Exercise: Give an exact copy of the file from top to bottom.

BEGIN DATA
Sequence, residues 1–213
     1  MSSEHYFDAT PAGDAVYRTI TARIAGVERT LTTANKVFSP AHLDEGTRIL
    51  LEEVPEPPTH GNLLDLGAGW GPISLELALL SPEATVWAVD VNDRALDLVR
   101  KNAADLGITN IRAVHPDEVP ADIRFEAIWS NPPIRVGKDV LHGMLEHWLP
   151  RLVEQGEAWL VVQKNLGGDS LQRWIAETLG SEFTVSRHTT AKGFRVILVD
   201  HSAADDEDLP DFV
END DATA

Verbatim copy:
Sequence, residues 1–213
     1  MSSEHYFDAT PAGDAVYRTI TARIAGVERT LTTANKVFSP AHLDEGTRIL
    51  LEEVPEPPTH GNLLDLGAGW GPISLELALL SPEATVWAVD VNDRALDLVR
   101  KNAADLGITN IRAVHPDEVP ADIRFEAIWS NPPIRVGKDV LHGMLEHWLP
   151  RLVEQGEAWL VVQKNLGGDS LQRWIAETLG SEFTVSRHTT AKGFRVILVD
   201  HSAADDEDLP DFV